Bringing Cutting Edge Technologies to Academic Researchers Through the Academic Access Program

This post was written by guest blogger Iain Ronald, Director Academic/Government Market Segment at Promega.

My back story is similar to most of you reading this blog, high school education, undergraduate degree then onto a postgraduate degree. However, over 25 years ago during my undergraduate study, I was fortunate enough to work in the lab of Professor Ray Waters studying DNA damage in S. cerevisiae as a model organism and at the time PCR was cutting-edge technology and the PCR license was in full effect. However, there was one company that was fighting the good fight to democratize PCR for the good of the scientific community, Promega.

I became enamored with Promega then, and the next steps in my career were taken with a view to working at this company who, for all intents and purposes, seemed to really care about the progression of science beyond self-aggrandizement.

Now that I am working at Promega in a position where I can bring benefit to our academic community, I have pondered what I can do to equal the disruptive attitude I observed in this company all those years ago when they were fighting the then “big tech” for the enablement of the scientific community. 

Reporter bioassays are one of hte many offerings of the academic access program.
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CRISPR/Cas9 HiBiT Knock-In: A Scalable Approach for Studying Endogenous Protein Dynamics

Studying protein function in live cells is limited by the tools available to analyze the expression and interactions of those proteins. Although mass spectrometry and antibody-based protein detection are valuable technologies for protein analysis, both methods have drawbacks that limit the range of targets and contexts in which proteins can be investigated.

Mass spectrometry is often poor at detecting low-abundance proteins. Antibody-based techniques require high quality, specific antibodies, which can be difficult to impossible to acquire. Both methods require cell lysis, preventing real-time analysis and limiting the physiological relevance, and both methods can be limiting for higher-throughput analysis. While plasmid-based overexpression of tagged target proteins simplifies detection and can allow for real time analysis, protein levels don’t typically resemble endogenous levels. Overexpression also has the potential to create experimental artifacts or limit the dynamic range of an observed response.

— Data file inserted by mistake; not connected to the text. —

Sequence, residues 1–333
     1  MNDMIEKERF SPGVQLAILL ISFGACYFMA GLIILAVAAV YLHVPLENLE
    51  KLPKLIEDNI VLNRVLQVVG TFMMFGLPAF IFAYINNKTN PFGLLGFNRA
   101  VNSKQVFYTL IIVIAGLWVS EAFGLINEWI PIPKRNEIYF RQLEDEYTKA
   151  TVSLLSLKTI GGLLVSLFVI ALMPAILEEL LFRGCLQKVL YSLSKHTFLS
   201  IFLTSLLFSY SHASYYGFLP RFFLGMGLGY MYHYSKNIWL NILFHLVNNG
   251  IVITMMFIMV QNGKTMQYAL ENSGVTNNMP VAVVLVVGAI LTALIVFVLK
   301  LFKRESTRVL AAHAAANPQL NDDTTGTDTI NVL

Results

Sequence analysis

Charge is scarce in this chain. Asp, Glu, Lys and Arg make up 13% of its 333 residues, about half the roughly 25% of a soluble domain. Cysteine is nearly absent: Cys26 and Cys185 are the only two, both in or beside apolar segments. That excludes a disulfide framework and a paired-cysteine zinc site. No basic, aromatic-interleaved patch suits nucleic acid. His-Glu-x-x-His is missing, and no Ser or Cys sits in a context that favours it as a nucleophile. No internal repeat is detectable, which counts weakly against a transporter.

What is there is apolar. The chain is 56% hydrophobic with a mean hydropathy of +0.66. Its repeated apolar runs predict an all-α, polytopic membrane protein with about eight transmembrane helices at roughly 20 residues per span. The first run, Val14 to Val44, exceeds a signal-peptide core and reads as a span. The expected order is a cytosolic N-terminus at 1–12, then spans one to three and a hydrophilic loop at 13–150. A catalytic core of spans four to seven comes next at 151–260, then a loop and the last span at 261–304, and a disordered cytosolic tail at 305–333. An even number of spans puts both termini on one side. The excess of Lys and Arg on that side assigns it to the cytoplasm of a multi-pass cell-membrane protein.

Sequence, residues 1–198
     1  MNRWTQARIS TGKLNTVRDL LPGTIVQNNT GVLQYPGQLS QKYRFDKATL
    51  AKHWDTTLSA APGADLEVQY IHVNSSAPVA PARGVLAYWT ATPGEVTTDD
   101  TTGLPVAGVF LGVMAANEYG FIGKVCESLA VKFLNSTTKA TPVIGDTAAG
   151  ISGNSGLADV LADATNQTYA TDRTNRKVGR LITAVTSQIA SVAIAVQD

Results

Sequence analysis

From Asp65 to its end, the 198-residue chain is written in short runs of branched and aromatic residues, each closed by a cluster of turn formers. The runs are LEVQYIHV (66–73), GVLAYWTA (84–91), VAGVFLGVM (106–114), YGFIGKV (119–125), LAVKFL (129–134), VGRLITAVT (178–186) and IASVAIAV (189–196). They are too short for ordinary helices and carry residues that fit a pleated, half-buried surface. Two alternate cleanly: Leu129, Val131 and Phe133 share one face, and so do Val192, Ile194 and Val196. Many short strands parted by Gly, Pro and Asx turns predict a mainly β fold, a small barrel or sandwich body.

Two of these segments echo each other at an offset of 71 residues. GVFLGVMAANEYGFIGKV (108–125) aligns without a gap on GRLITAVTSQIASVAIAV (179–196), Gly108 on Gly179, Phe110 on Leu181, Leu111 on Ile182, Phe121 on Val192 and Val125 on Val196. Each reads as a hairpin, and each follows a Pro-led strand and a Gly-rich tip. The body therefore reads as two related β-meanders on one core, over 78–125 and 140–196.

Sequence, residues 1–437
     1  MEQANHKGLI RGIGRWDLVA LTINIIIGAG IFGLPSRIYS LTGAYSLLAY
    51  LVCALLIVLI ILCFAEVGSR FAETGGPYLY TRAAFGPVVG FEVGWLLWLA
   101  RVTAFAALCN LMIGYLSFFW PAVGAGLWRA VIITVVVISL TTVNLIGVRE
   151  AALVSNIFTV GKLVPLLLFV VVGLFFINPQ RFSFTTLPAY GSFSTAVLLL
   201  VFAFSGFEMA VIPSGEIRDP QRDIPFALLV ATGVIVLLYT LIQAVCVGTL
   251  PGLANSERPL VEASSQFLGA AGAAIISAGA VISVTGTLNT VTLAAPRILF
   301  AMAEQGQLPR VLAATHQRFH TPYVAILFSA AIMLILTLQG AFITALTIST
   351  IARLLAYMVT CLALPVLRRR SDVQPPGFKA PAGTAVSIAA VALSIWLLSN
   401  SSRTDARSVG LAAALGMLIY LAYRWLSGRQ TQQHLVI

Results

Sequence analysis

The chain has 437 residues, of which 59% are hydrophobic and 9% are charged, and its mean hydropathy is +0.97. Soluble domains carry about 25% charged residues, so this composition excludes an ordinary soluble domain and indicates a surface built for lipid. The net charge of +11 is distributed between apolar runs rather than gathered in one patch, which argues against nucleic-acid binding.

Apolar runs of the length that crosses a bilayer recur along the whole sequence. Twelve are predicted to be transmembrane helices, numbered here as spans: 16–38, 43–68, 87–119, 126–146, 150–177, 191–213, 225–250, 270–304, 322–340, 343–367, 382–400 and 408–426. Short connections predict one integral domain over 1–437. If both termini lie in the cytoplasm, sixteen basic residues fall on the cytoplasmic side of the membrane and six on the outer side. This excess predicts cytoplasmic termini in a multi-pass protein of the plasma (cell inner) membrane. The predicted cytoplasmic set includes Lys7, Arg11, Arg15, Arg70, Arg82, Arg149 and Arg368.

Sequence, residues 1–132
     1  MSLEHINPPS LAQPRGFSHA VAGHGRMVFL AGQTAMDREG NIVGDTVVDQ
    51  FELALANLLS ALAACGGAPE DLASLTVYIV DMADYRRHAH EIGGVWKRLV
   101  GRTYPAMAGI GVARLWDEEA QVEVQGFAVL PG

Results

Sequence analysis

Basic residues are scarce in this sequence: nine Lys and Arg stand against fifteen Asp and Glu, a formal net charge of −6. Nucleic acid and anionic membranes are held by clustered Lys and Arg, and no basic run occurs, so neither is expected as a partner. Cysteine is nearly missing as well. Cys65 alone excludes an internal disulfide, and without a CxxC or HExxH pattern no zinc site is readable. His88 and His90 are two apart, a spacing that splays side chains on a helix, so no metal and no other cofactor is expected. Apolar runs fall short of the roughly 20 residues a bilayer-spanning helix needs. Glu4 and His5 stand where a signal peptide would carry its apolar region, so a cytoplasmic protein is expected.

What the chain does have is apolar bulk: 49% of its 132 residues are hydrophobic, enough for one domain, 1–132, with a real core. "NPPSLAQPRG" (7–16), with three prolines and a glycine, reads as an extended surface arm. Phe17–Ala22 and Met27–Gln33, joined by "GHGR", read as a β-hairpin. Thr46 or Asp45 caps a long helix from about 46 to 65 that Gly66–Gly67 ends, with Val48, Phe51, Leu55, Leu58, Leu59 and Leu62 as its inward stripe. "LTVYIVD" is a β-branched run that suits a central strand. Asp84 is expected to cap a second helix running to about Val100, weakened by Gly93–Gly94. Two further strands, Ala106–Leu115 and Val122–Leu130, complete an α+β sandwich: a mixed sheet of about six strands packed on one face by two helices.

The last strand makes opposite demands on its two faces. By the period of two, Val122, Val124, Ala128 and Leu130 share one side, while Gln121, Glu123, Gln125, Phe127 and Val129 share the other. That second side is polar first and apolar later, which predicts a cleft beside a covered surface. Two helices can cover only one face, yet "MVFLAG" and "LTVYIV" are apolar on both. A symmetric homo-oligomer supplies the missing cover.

In 2018, Promega R&D scientists published a paper in ACS Chemical Biology demonstrating the use of CRISPR/Cas9 to integrate the 11 amino acid, bioluminescent HiBiT tag directly into the genome to serve as an easily measured reporter for endogenous proteins. This provides a highly quantitative method for investigating cellular protein dynamics that sidesteps the need for cloning and other drawbacks to conventional methods, including the ability to measure changing protein dynamics in real-time. (For more details about CRISPR/Cas9 knock-in tagging and other applications, read this blog.)

While their findings showed that this method provides efficient and specific tagging of endogenous proteins, the research was limited to just five different proteins within a single signaling pathway in two cell lines. This left unanswered questions about whether this approach was scalable, had broader applications and how accurately the natural biology of the cells was represented.

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